Partition key battleground in India, Pakistan textbook wars
The official unwillingness to confront the bitter legacy of partition — and the skewed portrayals being peddled in classrooms — is hindering any hope of reconciliation, experts say
Islamabad: Pakistani high school student Noman Afzal knows “traitorous” Hindus are to blame for the bloodshed that erupted when British India split into two nations 70 years ago. His history textbook tells him so.
Students across the border in India are taught a starkly different version of events, the result of a decades-long effort by the nuclear-armed rivals to shape and control history to their own nationalistic narrative.
The official unwillingness to confront the bitter legacy of Partition — and the skewed portrayals being peddled in classrooms from New Delhi to Karachi — is hindering any hope of reconciliation between the arch-rivals, experts say.
August marks 70 years since the subcontinent was divided into two independent states — Hindu-majority India and Muslim-majority Pakistan — and millions were uprooted in one of the largest mass migrations in history.
An untold number of people — some estimates say up two million — died in the savage violence that followed, as Hindus and Muslims fleeing for their new homelands turned on one another, raping and butchering in genocidal retribution.
The carnage sowed the seeds for the acrimony that prevails today between India and Pakistan, and generations later this defining moment in the subcontinent’s history is still polarised by nationalism and rancour.
In a government-approved grade five history textbook used in schools in Pakistan’s Baluchistan province, Hindus are described as “thugs” who “massacred Muslims, confiscated their property, and forced them to leave India”.
“They looked down upon us, that is why we created Pakistan,” said 17-year-old Afzal from Pakistan’s Punjab province, reeling off a stock answer from his history textbook.
On the other side of the border, Mumbai schoolboy Triaksh Mitra learned how Mahatma Gandhi fought for a unified India free from British subjugation while the Muslim League — the political party led by Pakistan’s founder Muhammad Ali Jinnah — sided with the colonial rulers to carve out their own nation.
“But what they hadn’t really told us was the Muslim side of it,” the 15-year-old said of his Partition studies.
The chapters on Gandhi are a striking example of the gap between how Partition is portrayed on either side of the border. In Pakistan, his contribution to the struggle for independence is hardly mentioned, whereas in India he is hailed as an “one-man army”.
History teacher Aashish Dhakaan who works in a high school in India’s Gujarat state, acknowledged that the creation of the Muslim League was popularly upheld as “self reliance and liberty” in Pakistan, and the folly of “gullible Muslims” in India.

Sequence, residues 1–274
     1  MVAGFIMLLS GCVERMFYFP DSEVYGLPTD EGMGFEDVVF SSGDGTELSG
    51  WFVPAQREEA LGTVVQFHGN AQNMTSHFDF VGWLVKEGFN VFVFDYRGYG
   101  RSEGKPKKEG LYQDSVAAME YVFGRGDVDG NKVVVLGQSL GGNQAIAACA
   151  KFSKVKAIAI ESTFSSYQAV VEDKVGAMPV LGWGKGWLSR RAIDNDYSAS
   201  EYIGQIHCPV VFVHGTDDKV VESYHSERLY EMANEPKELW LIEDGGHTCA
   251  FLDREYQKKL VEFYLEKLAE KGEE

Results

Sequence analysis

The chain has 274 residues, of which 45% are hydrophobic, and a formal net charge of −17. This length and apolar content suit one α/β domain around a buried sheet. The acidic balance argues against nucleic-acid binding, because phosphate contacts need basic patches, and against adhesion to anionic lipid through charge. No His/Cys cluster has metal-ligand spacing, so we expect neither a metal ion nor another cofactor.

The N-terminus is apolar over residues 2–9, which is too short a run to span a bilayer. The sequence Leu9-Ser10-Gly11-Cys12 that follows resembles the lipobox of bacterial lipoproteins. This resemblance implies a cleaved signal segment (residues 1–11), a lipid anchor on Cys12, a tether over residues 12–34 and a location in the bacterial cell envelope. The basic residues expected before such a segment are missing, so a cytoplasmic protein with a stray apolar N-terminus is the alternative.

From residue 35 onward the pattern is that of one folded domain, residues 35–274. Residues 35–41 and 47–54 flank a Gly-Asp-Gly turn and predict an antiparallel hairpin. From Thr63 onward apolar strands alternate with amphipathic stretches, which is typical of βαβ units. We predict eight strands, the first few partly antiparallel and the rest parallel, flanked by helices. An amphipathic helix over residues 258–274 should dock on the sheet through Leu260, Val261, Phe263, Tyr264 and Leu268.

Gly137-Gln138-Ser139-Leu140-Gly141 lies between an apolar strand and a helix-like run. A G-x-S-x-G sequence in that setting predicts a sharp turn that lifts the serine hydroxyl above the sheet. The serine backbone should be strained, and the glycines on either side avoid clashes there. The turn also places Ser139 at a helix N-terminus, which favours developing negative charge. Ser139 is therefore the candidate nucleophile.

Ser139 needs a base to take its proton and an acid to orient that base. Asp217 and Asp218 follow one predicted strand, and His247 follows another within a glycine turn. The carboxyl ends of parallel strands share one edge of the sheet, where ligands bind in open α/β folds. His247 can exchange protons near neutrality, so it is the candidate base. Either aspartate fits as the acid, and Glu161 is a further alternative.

“In our history we won the war, and in their history textbooks, they won the war,” said Dhakaan.
While the government-sanctioned curriculums on both sides of the border appear largely ossified to their version of history, one Pakistan-based group has been using games and popular culture to challenge students to think critically about their past.
Qasim Aslam’s “History Project” runs sessions in schools in India and Pakistan, inviting students to compare how Partition accounts are presented in the two countries’ textbooks.
“By the time they are 20, it is solidified and stays with them all their lives,” Aslam said of the one-sided history lessons proffered in schools.
Mumbai-based student Mitra attended one of these sessions in April.
“It helped me to take a different viewpoint into account and to form a more balanced notion,” Mitra said.
“If I know only one part, then it’s not the complete truth.”
Islamabad-based Pakistan studies professor Tariq Rehman said that correcting bias in the official syllabi “would take a change in foreign policy” between the two countries.
“Authorities (in Pakistan) don’t seem to be interested in making changes and question the antagonism against India,” he added.
But there are small signs of progress. The latest revision of the state history textbook in India includes graphic first-hand accounts of atrocities committed by Hindus, and asks students if the violence could be considered a holocaust.
A book of testimonies titled “The Other Side of Silence” by Indian writer and Partition historian Urvashi Butalia is now also part of the high school syllabus in India.
Butalia said she is pleased that more people are trying to understand Partition beyond a nationalistic prism.
“It would have been impossible 20 years ago,” she said.
But outside the classroom, Butalia says there is little appetite for confronting hard truths about the past.
The author discovered a series of police reports of rapes and murders from 1947 that had been kept hidden because authorities feared “opening up a can of worms” if the horrifying accounts went public.
She also points to Humayan’s Tomb and Purana Qila — two ancient monuments in New Delhi — where thousands of Partition refugees sought sanctuary as the capital descended into chaos, noting there is no plaque at either site to remind the public of this troubled legacy.
“I do not say that silence is broken,” she added.
“We could learn so much, basically learn never to repeat that history, but we don’t memorialise it in any way,” she warned.
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